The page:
Last weekend we went on a road trip to visit my cousin and her family who live near Geneva. It’s a little over a 3 hour drive from here “Just the same as from Canberra to Sydney,” I reassured myself.
But the journey did not begin well. After picking up Silas from school, I went to tap the address into the GPS: “aucune adresse trouvée” replied Henriette. Hmmm, I tried several different approaches. Nothing. She refused to recognise the street name. The best we could do was the suburb. So, conscious of the passing time and the plan to arrive for dinner, I decided to get going in the hope that the closer we came to our destination, the more accurate Henriette would become.
Delphine slept at the beginning but at about 1 hour in, the screaming began. I don’t need to go into the causes. Suffice to say it was with frayed nerves that we rolled into the rest station for a toilet stop and another go at finding my cousin’s address in the GPS. Again, nothing. So I tried to call my cousin. The phone system didn’t recognise the number. I tried to text. My darn phone would only send as an iMessage and I didn’t have wi-fi. We trooped into the rest station in the hunt for a public phone. Nothing. The wi-fi promised by the rest stop came up on my phone as “internet not available.” At least the toilets were open.
With rising desperation, I approached the kind-looking lady behind the boulangerie counter. “Is there a public phone around here?” I asked in French “No. Not any more,” she replied. I explained my dilemma. She looked at my two little children and the worn expression on my face. “You can use ours,” she offered. I accepted with deep gratitude, the call went through and I wrote down a bunch of hand-written directions.
Feeling on slightly firmer ground, we marched back to the car and were just buckling on our belts when they appeared. Two blue-uniformed Swiss gendarmes.
“Bonjour. Where are you from?”
Somewhat surprised and a little nervous I explained my complicated origins: from Australia but living in France for a couple of months and now in Switzerland for the weekend to visit my cousin in Geneva.
“Do you realise you have been using the Swiss autoroutes?”
Flash of memory: two and a half years ago, transiting through Switzerland to France, we had had to buy a yearly pass to be able to travel the Swiss autoroutes.
I felt a tide of emotion rise up and over me. I didn’t even try to stop the tear that welled in my eye and started to run down my face.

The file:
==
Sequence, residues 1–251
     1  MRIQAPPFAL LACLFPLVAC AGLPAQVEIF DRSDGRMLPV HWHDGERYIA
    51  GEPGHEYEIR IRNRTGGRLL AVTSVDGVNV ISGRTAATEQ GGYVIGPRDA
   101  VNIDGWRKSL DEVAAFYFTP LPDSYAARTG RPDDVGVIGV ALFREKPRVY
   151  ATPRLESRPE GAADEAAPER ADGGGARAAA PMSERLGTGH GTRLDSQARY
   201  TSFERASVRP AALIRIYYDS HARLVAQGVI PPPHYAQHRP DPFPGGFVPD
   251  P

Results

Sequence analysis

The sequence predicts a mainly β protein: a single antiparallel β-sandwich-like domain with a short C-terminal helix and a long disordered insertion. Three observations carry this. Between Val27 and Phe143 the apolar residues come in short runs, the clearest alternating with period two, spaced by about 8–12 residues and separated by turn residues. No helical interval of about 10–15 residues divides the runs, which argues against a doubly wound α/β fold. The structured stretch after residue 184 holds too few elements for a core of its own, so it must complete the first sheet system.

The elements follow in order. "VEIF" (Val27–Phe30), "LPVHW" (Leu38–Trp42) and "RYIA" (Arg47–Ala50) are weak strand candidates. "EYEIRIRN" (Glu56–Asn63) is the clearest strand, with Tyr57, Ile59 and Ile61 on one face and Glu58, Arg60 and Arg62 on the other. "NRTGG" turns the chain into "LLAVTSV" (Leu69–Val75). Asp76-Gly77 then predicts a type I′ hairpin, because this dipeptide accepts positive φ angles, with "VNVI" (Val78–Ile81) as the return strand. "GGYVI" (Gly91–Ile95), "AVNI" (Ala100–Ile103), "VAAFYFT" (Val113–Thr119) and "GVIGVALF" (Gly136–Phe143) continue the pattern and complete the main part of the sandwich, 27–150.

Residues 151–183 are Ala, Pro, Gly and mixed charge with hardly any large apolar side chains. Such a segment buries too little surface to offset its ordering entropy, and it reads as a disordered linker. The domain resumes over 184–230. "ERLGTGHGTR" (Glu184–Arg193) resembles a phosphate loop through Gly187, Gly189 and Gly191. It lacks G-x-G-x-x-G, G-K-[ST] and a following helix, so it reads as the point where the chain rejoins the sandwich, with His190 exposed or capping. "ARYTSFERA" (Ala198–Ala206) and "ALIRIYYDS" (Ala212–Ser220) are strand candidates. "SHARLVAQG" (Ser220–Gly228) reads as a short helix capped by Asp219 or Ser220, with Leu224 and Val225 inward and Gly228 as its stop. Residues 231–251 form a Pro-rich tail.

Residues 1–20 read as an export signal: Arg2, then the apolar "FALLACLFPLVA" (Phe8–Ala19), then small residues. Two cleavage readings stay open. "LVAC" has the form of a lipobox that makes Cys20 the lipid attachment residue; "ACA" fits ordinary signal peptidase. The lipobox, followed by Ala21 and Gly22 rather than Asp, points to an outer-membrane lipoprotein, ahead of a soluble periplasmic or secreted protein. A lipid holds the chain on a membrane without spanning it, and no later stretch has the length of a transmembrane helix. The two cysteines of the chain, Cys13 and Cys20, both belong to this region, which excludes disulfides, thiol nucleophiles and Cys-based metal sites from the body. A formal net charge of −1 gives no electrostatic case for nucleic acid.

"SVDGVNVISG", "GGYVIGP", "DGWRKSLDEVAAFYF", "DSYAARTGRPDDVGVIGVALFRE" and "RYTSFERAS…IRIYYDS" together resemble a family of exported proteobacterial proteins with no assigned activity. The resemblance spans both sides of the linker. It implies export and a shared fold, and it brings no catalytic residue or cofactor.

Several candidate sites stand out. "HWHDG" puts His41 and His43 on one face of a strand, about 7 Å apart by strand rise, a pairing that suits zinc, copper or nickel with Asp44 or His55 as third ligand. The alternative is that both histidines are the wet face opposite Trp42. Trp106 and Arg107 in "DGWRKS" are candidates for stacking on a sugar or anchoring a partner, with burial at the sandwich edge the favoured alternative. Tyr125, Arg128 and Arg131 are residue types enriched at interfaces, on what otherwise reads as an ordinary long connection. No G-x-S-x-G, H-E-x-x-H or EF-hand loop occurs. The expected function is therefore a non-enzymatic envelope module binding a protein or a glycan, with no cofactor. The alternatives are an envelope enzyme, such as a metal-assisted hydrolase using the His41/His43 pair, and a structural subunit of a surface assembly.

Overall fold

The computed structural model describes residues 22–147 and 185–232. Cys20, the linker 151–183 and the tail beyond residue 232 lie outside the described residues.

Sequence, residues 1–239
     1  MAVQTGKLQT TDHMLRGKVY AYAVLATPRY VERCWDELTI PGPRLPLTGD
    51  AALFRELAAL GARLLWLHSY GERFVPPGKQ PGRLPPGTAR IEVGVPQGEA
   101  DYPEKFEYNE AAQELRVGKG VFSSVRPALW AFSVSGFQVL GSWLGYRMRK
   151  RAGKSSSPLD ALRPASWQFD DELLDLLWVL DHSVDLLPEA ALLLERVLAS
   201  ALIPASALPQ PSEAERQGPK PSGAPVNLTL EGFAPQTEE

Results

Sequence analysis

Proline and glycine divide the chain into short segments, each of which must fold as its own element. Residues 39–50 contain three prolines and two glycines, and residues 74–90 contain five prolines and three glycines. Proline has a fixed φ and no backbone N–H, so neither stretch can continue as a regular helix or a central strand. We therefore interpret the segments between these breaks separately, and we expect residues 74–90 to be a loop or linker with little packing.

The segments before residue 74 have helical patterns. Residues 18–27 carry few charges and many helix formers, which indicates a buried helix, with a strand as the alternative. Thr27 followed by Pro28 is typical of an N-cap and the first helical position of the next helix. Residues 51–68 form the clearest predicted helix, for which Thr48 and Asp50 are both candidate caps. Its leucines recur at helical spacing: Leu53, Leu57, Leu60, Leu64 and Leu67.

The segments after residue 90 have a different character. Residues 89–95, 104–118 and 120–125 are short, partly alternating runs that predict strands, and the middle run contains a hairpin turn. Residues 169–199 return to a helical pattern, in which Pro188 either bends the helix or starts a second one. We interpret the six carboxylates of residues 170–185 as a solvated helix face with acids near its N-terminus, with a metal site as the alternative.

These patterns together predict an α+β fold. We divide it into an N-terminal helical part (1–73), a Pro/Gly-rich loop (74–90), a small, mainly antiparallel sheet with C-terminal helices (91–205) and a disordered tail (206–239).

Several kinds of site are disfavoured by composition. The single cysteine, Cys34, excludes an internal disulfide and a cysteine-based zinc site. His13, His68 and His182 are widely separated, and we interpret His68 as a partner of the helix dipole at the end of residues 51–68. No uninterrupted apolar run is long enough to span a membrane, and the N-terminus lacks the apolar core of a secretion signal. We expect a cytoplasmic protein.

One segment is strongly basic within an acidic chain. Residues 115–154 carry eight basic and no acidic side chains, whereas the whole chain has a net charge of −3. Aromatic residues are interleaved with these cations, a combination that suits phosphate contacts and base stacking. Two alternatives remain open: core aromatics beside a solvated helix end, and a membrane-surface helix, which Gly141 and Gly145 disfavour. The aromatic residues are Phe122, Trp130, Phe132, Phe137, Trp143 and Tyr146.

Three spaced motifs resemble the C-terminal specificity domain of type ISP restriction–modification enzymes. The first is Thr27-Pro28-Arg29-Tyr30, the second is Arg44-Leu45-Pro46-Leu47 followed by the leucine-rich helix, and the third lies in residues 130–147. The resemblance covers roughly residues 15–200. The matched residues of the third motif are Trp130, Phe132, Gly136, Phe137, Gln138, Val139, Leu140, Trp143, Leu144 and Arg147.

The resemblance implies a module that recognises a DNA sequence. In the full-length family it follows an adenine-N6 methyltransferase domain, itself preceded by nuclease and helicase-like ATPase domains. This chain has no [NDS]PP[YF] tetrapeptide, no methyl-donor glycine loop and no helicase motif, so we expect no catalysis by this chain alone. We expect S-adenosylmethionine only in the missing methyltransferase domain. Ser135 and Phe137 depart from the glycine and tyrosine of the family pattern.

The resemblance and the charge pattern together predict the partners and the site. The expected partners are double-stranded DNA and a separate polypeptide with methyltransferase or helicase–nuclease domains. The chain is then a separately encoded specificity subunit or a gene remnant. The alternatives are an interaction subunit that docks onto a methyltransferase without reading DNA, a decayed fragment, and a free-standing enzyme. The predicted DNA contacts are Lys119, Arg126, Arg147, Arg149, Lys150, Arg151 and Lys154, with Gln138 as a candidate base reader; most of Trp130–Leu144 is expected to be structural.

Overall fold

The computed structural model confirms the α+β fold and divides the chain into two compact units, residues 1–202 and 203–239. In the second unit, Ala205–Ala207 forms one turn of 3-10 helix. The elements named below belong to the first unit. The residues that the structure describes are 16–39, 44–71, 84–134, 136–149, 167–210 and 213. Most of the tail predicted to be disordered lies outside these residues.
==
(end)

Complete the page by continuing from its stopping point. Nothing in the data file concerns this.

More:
“I’m terribly sorry,” I stammered “I like to be a law-abiding person, and I’ve just realised what I’ve done.”
I had completely forgotten that in Switzerland you have to buy an annual autoroute pass before travelling on the country’s freeways. Even if just for a couple of days.
“In France you pay as you go.” I explained. “But of course I know that ignorance of the law is no excuse for breaking it.”
“And now, I’m sorry for being so emotional” I was starting to lose it a bit by now “But this has been such a tough trip: my daughter’s been screaming for half an hour, we can’t find my cousin’s address in this stupid GPS and my mobile just won’t work here.”
His facial expression started to soften as he watched this woman – probably almost twice his age – fall apart in front of him.
“OK. I can see it was an honest mistake. So I won’t charge you the 200 Swiss franc fine. But you do need to buy a pass just inside the rest stop here. We’ll go help you do that and then we’ll see what we can do about that GPS.”
Back in we went: me, my two children and our Swiss gendarme guard. Under their watchful, but kindly eye, I duly bought my autoroute pass. We returned to the car, where he affixed it in the centre of the windscreen and then sat down in the passenger seat to poke around at the GPS with me. His partner started trying to find the address on her phone. No luck there either. It’s when I spied the street name finally pop up on his phone that I saw the problem. There was a preposition “du” in the version we had but not in the google map street name. Once I tapped in the name without this errant “du,” Henriette became compliant.
It had taken one Australian and two Swiss Gendarmes to solve the problem. They sent us off with a friendly wave and good wishes for a pleasant stay in Switzerland.
From an encounter that had begun with official displeasure at presumed free-riding, we had ended as a convivial band of problem solvers with the joint mission of getting this waylaid family of Australians back on route.
Contrition on my part: comprehension and compassion on theirs. If only all tangles could be resolved so satisfyingly.